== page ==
Did you ever wonder why dimes, quarters and half dollars have
notched edges, while pennies and nickels do not? The US Mint
began putting notches on the edges of coins containing gold and
silver to discourage holders from shaving off small quantities of
the precious metals. Dimes, quarters and half dollars are
notched because they used to contain silver. Pennies and nickels
aren't notched because the metals they contain were not valuable
enough to shave.
Why do men's clothes have buttons on the right ... while women's
clothes have buttons on the left? When buttons were invented,
they were very expensive and worn primarily by the rich. Because
wealthy women were dressed by maids, dressmakers put the buttons
on the maid's right. Since most people are right-handed, it is
easier to push buttons on the right through holes on the left.
And that's where women's buttons have remained since.
Why do X's at the end of a letter signify kisses? In the Middle
Ages, when many people were unable to read or write, documents
were often signed using an X. Kissing the X represented an oath
to fulfill obligations specified in the document. The X and the
kiss eventually became synonymous to each other.
Why is shifting responsibility to someone else called "passing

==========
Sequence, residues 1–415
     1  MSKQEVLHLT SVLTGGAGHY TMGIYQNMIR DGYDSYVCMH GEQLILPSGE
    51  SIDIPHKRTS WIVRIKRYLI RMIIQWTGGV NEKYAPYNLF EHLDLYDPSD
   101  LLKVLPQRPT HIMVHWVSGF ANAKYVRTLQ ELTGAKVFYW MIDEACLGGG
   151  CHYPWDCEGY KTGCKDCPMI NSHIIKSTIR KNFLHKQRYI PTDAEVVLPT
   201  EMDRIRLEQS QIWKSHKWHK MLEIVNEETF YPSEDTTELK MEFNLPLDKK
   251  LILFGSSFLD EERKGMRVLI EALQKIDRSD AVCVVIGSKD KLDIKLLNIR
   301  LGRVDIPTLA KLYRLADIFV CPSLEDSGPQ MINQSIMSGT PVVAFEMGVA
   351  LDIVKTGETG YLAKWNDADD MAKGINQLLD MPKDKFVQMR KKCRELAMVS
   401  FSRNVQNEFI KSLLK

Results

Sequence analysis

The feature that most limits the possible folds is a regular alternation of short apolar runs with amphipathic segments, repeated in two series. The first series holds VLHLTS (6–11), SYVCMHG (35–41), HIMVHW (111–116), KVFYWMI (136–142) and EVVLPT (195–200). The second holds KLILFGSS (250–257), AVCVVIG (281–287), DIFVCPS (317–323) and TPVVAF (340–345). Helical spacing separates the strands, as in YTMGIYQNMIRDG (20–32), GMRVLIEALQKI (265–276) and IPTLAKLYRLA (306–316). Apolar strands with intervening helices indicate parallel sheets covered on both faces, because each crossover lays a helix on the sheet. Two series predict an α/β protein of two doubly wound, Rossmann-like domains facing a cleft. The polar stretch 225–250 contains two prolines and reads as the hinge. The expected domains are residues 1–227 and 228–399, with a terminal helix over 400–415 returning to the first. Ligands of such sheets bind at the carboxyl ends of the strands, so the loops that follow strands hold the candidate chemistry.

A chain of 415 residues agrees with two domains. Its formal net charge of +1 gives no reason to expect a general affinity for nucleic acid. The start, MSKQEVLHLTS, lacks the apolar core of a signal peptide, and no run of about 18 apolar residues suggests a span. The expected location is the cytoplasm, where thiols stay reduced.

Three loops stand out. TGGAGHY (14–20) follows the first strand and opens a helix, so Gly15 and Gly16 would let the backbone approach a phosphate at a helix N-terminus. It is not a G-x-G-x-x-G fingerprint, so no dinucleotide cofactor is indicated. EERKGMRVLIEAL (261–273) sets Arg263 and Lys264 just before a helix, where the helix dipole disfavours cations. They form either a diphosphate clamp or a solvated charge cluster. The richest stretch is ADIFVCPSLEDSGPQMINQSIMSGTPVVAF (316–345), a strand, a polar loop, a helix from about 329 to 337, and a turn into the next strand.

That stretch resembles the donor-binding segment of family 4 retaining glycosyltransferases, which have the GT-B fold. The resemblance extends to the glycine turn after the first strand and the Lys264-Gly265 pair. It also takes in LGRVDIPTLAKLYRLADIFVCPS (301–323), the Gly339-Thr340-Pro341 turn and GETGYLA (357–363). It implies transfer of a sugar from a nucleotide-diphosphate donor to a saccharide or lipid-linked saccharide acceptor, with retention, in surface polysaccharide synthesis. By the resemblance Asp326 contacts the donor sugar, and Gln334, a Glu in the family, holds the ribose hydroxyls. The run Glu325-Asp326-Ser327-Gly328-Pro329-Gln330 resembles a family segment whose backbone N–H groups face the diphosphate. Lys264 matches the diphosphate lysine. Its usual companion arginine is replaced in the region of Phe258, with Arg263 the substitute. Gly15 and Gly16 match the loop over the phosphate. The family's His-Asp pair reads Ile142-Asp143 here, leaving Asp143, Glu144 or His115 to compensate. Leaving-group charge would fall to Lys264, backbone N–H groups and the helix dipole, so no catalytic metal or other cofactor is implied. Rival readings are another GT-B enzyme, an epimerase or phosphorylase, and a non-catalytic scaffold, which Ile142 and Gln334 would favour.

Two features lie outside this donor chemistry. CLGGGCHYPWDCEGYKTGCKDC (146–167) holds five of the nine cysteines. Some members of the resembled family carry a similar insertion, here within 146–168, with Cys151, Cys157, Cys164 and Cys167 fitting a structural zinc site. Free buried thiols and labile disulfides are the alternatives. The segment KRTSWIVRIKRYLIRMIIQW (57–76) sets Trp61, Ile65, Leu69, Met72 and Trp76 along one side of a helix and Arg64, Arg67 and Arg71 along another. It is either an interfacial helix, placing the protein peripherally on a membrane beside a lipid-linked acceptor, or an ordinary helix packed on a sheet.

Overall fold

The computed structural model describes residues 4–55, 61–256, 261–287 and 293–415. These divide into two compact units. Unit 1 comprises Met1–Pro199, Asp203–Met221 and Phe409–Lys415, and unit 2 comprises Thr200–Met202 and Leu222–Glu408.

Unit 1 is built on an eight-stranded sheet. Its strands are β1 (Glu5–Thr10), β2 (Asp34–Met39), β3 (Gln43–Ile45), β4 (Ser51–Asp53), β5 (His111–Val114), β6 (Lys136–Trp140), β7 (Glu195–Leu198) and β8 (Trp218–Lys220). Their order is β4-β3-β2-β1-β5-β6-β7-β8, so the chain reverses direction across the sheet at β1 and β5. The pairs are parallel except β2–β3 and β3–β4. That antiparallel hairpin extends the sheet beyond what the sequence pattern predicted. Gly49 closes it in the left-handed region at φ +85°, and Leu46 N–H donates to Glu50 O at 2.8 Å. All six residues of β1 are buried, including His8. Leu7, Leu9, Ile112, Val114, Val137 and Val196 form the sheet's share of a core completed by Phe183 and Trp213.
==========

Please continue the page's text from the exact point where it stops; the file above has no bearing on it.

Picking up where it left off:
buck"? In card games, it was once customary to pass an item,
called a buck, from player to player to indicate whose turn it was
to deal. If a player did not wish to assume the responsibility,
he would "pass the buck" to the next player.
Why do people clink their glasses before drinking a toast? It
used to be common for someone to try to kill an enemy by offering
him a poisoned drink. To prove to a guest that a drink was safe,
it became customary for a guest to pour a small amount of his
drink into the glass of the host. Both men would drink from
their glasses simultaneously. When a guest trusted his host, he
would then touch - or clink - the host's glass with his own.
Why are people in the public eye said to be "in the limelight"?
Invented in 1825, limelight was used in lighthouses and stage
lighting by burning a cylinder of lime which produced a brilliant
light. In the theater, performers on stage "in the limelight"
were seen by the audience to be the center of attention.
Why do ships and aircraft in trouble use "mayday" as their call
for help? This comes from the French word m'aidez -- meaning
"help me" -- and is pronounced "mayday."
Why is someone who is feeling great ... "on cloud nine"? Types
of clouds are numbered according to the altitudes they attain,
with nine being the highest cloud. If someone is said to be on
cloud nine, that person is floating well above worldly cares.
Why are Zero scores in tennis called "love"? In France, where
tennis first became popular, a big round zero on the scoreboard
looked like an egg and was called l'oeuf, which is French for
"egg." When tennis was introduced in the US, Americans
pronounced it "love,"
Why are many coin banks shaped like pigs? Long ago, dishes and
cookware in Europe were made of a dense, orange clay called pygg.
When people saved coins in jars made of this clay, the jars became
known as "pygg banks." When an English potter misunderstood the
word, he made a bank that resembled a pig and it caught on.